When social media gets political
The battle for no.10 is officially on. It is all kicking off as Boris prepares to take on Jeremy Corbyn for the Prime Minister title race. Corbyn is refusing to state his position on Brexit (we would all rather trim our Nanna’s toenails than discuss Brexit again,) and Boris can’t seem to string a sentence together. How oh how did we get into this mess?
How Social Media Channels Can Impact Politics
Alongside this question, I am also wondering which social platform will triumph as the most politically impartial, disinformation spreading source of news in the run-up to the 2019 general election.
Last month, Twitter’s CEO Jack Dorsey announced it would withdraw from political advertising to stop the spread of misinformation through micro-targeted political advertising on Twitter. Was this a brave and honourable decision or a genius PR stunt?
Considering political ads generate only 0.46% of Twitter’s total revenue (3 million dollars, compared to total 650-million-dollar revenue), the loss doesn’t seem to be too concerning for Twitter. The move has put pressure on Facebook who argues that by stopping political advertising they would be stifling political speech.
How Can Social Channels Prevent the Spread of Misinformation?
It is a difficult line to tread – on the one hand banning all political advertising disassociates your platform from any allegations of fake news or the type of foreign interference we saw in the 2016 US presidential elections. But banning political ads on social channels also risks isolating audiences who rely on social media channels for educational information from politics.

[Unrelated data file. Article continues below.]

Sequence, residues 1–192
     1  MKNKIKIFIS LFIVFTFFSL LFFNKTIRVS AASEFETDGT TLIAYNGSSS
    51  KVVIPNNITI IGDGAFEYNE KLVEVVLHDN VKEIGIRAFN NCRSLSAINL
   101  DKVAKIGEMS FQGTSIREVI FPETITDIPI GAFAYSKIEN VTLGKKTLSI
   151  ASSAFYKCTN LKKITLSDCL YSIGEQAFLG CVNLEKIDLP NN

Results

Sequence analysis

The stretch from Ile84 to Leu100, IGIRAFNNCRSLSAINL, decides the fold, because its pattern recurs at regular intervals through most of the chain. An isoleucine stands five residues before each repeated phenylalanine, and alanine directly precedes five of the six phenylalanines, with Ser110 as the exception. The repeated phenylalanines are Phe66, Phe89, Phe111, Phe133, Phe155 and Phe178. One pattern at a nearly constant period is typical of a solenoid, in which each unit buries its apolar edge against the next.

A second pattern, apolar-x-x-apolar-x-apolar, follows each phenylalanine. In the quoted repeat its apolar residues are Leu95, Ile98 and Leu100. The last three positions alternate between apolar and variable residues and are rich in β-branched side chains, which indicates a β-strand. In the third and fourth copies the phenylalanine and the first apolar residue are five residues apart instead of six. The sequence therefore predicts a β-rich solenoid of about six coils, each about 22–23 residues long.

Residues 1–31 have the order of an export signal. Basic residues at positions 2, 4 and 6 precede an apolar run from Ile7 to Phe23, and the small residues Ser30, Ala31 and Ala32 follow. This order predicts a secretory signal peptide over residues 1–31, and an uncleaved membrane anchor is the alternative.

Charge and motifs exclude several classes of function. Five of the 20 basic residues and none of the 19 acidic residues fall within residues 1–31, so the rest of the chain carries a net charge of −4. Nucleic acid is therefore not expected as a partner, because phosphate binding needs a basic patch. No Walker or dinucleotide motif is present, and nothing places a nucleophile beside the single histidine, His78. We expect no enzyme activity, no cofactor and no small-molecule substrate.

To positively impact political elections, Facebook must consistently and vigorously fact-check political content on their platform. Considering the recent scrutiny Facebook has come under for failing to do so, it was a surprise when they announced that politicians would be exempt from Facebook’s fact-checking scheme.
This is most likely why Facebook was recently forced to remove an ad which falsely claimed that U.S. Republican Senator Lindsey Graham supported the Green New Deal. Politicians are also allowed to post content which breaks Facebook’s rules on hate speech if the content does not cause risk of harm. Hmm… slightly concerning.
Step Aside Social, SEO is here to misinform us all!
Facebook isn’t solely to blame for the spread of misinformation (step aside Facebook, there’s a new political deceiver in town.) Last week it emerged that the Conservative party had paid Google to promote a fake labour manifesto website to the top of the search results on the Google homepage.
The tactic was used by the Tories to target those searching for the Labour Manifesto online with pro-conservative information instead. The Conservative party has rightly come under a considerable amount of scrutiny for the deceptive move, but Google seems to have come out of the scandal virtually unscathed. Is it one rule for Facebook and another for Google? It seems so.
Policing political news on highly saturated social media channels presents a major challenge, however, one which must be taken seriously. Social media has become a battlefield for fake news and misinformation. This doesn’t mean withdrawing from all political advertising and news from social platforms is the answer. Updating social channel algorithms to restrict the reach of political parties’ pages if they are found to be spreading disinformation could be the deterrent needed to curb this behaviour.
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